Another sweater for my baby! I love the way Sigil turned out. Like every other Starmore sweater I’ve knit, this one will be loved and worn until I can’t fit over her head anymore.
The only trouble I had was with reverse st st pieces having to be sewn together. I can’t do it beautifully, so I try to make the ugly seam a design element of the sweater. Or I that’s what I tell myself. The collar is not rolling over the way I had hoped, despite my tinking back to add to extra rows when I saw it wasn’t quite perfect. I have just barely enough kureyon left to tack down the collar if necessary, but it would change the look and I want it to roll properly.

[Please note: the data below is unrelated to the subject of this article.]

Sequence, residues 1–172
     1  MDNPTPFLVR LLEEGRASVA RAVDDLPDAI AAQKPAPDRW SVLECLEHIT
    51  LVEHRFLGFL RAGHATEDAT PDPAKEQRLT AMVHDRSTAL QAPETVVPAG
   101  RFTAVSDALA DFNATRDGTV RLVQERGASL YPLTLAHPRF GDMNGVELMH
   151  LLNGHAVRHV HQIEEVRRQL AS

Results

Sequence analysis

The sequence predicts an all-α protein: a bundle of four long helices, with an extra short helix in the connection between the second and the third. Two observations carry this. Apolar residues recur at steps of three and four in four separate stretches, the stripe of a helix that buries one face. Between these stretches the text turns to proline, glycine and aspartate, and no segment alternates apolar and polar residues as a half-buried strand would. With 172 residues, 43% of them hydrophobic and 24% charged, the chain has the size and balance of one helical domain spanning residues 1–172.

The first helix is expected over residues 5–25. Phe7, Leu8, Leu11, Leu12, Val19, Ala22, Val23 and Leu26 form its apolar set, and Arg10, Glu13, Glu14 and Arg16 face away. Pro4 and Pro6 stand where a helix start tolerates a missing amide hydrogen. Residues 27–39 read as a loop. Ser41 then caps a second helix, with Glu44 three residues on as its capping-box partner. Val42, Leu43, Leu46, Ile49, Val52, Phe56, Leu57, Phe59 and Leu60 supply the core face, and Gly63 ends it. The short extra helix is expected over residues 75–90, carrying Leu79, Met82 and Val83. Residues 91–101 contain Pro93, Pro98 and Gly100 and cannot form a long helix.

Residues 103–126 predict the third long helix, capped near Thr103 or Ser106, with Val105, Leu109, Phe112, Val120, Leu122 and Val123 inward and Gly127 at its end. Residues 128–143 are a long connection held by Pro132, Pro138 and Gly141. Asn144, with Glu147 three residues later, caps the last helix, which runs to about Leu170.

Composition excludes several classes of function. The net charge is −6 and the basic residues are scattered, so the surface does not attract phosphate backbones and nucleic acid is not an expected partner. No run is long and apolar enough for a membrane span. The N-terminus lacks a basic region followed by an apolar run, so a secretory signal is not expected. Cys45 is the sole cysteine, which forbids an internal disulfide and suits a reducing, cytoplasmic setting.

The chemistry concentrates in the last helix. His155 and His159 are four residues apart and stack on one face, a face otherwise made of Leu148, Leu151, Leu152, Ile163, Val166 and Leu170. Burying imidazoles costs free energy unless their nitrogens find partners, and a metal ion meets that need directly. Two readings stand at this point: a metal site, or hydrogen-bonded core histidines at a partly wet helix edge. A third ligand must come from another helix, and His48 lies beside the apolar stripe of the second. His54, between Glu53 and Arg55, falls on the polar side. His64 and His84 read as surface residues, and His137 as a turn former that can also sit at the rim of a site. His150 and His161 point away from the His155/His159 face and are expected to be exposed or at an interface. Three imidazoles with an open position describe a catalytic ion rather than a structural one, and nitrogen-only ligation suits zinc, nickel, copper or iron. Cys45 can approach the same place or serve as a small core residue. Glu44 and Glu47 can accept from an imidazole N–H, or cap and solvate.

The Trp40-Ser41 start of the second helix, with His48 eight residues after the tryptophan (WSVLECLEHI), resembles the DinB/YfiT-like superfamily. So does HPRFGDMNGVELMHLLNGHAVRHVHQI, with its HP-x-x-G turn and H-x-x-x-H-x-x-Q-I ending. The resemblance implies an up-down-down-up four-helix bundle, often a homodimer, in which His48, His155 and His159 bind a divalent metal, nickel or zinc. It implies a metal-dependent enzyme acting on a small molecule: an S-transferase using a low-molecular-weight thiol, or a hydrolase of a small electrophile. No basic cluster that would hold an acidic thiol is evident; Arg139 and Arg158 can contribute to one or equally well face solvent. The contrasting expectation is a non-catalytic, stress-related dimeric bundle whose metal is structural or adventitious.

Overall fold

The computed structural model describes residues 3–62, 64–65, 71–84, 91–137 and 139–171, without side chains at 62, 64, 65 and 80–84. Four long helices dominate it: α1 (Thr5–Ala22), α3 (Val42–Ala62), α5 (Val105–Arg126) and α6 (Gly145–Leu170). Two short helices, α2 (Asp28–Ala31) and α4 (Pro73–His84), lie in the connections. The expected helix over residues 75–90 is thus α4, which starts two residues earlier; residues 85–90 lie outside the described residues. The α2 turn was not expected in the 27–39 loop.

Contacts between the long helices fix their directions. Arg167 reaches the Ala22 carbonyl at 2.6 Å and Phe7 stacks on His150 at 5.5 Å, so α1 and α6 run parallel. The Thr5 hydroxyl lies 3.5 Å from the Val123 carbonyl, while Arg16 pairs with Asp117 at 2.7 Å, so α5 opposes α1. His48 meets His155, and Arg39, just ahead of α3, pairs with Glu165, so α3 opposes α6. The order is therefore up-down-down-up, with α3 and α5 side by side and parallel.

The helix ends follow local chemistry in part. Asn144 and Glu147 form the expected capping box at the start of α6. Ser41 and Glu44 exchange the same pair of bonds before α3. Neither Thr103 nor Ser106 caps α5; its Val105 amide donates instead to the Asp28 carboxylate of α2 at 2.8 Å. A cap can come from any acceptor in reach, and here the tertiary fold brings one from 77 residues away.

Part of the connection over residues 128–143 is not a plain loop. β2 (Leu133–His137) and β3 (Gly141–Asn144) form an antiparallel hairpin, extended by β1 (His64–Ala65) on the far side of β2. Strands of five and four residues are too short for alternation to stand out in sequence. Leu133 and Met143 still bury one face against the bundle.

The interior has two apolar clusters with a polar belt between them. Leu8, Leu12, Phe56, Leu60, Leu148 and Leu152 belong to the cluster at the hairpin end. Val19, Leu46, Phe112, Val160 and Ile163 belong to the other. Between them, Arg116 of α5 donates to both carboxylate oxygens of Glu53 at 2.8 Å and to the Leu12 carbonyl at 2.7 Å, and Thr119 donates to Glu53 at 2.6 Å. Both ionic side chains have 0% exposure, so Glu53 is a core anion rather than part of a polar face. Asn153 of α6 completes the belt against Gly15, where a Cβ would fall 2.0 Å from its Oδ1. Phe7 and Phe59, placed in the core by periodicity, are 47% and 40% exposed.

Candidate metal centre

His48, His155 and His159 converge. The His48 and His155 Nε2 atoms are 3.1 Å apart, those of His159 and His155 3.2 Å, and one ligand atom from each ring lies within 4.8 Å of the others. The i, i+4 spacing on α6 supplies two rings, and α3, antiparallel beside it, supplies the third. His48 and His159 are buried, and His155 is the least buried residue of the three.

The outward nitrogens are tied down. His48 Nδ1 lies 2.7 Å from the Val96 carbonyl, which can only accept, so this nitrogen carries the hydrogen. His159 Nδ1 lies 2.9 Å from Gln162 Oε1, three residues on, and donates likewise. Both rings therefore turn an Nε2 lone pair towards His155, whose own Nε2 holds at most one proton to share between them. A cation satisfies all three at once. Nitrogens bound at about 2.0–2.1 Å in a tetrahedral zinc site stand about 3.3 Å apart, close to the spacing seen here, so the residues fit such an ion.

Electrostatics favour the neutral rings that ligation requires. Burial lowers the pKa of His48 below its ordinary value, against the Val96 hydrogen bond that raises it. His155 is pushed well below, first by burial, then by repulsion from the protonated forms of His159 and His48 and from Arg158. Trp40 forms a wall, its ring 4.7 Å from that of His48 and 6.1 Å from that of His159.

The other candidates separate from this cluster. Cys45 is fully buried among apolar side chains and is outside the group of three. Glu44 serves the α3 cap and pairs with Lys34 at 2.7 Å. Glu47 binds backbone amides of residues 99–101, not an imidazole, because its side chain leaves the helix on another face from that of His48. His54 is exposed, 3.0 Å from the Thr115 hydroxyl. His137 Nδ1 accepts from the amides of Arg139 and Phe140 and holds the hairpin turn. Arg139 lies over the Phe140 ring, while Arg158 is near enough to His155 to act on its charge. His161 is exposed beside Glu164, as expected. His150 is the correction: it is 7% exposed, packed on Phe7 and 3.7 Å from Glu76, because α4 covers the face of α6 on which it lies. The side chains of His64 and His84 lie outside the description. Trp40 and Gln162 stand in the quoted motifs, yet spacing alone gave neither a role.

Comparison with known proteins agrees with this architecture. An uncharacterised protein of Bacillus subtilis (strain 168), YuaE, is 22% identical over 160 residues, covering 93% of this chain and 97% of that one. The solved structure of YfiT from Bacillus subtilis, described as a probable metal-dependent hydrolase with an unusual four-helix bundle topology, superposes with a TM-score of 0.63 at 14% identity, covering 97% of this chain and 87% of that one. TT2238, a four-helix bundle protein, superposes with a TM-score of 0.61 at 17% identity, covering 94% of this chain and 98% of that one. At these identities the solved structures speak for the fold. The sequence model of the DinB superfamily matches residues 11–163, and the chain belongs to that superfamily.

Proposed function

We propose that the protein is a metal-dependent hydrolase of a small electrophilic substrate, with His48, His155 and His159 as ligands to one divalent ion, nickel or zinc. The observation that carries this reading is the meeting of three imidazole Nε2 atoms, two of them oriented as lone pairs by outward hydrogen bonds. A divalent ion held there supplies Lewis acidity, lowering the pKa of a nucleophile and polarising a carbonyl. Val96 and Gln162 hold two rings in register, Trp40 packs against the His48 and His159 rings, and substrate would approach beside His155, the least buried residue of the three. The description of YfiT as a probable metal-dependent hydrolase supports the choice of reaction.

Now I have to finish the hat I’m working on, though I did cast on for an icelandic cardie in my post-FO excitement yesterday. And start my first shawl. Which is for a bride. At her wedding. Not nervous at all. I’ll be fine as long as my avoidance knitting stays simple. Everything. Will. Be. Just. Fine.
I finished the Ryuu-ko sweater for 海丰 last week. I briefly looked over the pattern before starting. Too briefly. It’s missing some details like sleeve length. This should serve as a lesson to carefully read a pattern before starting it. Had I done so, I would have made it top-down, with short-row shaping. He wore it and is happy with it, but I’m not so I cast-on for Fife, from Alice Starmore’sFishermen’s Sweaters. My craving for perfectly designed sweaters was not over – I also started St. Enda, from Aran Knitting for my father-in-law. I’m knitting St. Enda in a black yarn, which photographs very badly (at least by me) so no pics for now.